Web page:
Traditional Tribal Art
Course No. SNS 357 Credits: 3.0
Specific cultures of sub-Saharan Africa are reviewed through their visual arts and ritual. The goal is to understand how each group's history and cultural context influence the creative process (use of symbols, style, media, and technique) and shape the aesthetic response. Some comparative materials from Oceania, India, and Some comparative materials from Oceania, India, and North America are also examined.
Tribe vs. Nation
Course No. SNS 479 Credits: 3.0
Faculty Diane Lichtenstein
The course is an anthropological examination of the impact of technology and "western" industrial development on indigenous populations worldwide. Assumptions posed in the concepts "progress" and "development" are examined by in-depth review of traditional society and culture change among, for instance, the Balinese, ethnic groups in Mali, West Africa and Native American in the United States. Bali's traditional arts, rituals and water temple system of irrigation, Bambara society in Mali and Native American traditional cultures are juxtaposed against the culture change these groups experience with increased global, commercial interdependence. In the 21st century, humankind continues to experience problems of world hunger, population growth, resource depletion, pollution and war. Films, slides and reading review these issues, and peoples, worldwide, to try to consider potential solutions which acknowledge human cultural diversity within the modernization process. An emphasis in the course is a consideration of technological determinism and social choices.
Course No. SNS 321 Credits: 3.0
Visual anthropology is an important growing subfield of cultural anthropology. The course focuses on how anthropologists have used visual media of various kinds, especially ethnographic film, to record, document and study human cultural and social diversity worldwide. A series of ethnographic films, readings and class discussion will explore this method of anthropological data collecting and analysis. As a counterpoint to earlier, popular, western cultural biases in visually "representing" non-western, non-industrial peoples as "romantic," "noble," "savage," "enigmatic," "curiosity," anthropology's film studies sought a stronger objectivity. Did they succeed? Worldwide, indigenous peoples now make extensive use of visual media/communication to reflect on their "contested identities." How has visual anthropology helped in that effort? From the 19th century's still photographs to today's cyberspace, visible culture and visual media interface. The course reviews ethnographic film as part of that communication process. $15 course fee required.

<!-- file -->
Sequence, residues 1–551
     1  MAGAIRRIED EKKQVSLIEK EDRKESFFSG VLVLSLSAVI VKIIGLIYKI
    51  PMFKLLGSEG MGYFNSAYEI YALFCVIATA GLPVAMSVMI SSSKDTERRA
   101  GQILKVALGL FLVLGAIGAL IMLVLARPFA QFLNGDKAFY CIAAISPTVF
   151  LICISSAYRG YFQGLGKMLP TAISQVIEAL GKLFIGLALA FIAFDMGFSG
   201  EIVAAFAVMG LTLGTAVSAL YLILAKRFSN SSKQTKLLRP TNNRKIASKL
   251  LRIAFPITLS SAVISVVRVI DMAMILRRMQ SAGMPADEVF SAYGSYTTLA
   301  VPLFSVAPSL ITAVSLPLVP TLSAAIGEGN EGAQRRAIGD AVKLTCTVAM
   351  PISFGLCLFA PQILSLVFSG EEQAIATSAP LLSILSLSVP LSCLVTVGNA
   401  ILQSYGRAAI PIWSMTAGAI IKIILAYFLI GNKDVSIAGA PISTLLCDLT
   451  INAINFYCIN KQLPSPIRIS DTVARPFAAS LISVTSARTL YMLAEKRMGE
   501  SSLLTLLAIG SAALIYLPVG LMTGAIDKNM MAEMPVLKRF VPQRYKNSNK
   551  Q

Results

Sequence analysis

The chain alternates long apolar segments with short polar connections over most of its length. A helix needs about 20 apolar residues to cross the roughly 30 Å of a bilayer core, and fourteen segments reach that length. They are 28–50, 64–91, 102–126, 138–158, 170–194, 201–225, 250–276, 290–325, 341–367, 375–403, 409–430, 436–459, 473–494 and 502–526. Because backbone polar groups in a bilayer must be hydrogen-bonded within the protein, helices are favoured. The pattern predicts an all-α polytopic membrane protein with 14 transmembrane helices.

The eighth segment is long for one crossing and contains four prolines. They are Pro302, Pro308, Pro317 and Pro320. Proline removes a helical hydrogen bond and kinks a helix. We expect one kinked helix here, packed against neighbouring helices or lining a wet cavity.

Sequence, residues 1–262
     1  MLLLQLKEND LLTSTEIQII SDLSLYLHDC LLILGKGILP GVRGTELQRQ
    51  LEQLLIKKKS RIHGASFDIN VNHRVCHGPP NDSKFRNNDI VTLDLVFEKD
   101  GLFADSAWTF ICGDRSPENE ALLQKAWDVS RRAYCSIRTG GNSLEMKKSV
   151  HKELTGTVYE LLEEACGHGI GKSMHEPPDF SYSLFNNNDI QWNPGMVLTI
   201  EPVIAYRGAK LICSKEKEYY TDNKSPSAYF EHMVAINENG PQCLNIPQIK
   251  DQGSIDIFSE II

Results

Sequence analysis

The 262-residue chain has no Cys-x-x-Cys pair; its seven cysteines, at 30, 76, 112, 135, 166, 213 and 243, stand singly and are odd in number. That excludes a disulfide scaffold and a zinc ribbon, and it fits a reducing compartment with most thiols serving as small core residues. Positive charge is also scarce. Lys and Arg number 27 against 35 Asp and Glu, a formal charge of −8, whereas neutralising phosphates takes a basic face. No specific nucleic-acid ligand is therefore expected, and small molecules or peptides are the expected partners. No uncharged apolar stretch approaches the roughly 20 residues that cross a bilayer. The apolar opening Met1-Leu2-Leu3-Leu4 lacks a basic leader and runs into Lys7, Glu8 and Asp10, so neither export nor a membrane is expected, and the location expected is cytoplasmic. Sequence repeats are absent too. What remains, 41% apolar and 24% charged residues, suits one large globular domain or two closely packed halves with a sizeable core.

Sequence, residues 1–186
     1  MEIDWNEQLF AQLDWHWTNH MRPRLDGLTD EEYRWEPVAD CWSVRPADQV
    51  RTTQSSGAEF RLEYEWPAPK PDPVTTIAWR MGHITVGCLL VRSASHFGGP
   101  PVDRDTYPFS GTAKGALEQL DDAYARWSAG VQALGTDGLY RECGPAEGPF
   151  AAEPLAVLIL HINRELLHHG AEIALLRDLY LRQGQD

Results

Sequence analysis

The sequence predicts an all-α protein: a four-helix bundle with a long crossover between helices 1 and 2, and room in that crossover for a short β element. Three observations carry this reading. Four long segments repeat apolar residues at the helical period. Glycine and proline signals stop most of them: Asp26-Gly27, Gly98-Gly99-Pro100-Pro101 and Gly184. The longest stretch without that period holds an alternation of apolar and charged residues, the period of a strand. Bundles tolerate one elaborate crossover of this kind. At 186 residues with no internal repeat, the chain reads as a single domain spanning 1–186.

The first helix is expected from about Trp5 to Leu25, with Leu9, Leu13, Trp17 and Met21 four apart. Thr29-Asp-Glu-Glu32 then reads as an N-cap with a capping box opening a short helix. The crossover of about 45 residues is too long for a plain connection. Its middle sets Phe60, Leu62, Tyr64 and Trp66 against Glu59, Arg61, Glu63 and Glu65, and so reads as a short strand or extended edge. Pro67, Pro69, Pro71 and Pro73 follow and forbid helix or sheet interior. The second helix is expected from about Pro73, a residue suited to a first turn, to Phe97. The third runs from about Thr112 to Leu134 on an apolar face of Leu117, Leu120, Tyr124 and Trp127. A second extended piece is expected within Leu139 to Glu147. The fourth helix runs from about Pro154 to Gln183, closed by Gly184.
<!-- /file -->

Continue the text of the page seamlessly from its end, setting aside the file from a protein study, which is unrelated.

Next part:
Visual Culture and the Manufacture of Meaning
This course will introduce students to critical theories and methods of analysis for interpreting contemporary visual art and culture. Topics include: formalism and stylistic analysis; semiotics and structuralism; Marxist theory; biography; psychoanalytic theory; feminist analysis and gender studies; postcolonial theory; post structuralism and postmodernity. Select interpretive frameworks employed in the "manufacture of meaning" will be situated historically and discussed fully and critically, using seminal writings. Required for Visual Culture Emphasis.
Ways of Thought: Confucianism, Taoism, and Zen
Course No. HCS 367 Credits: 3.0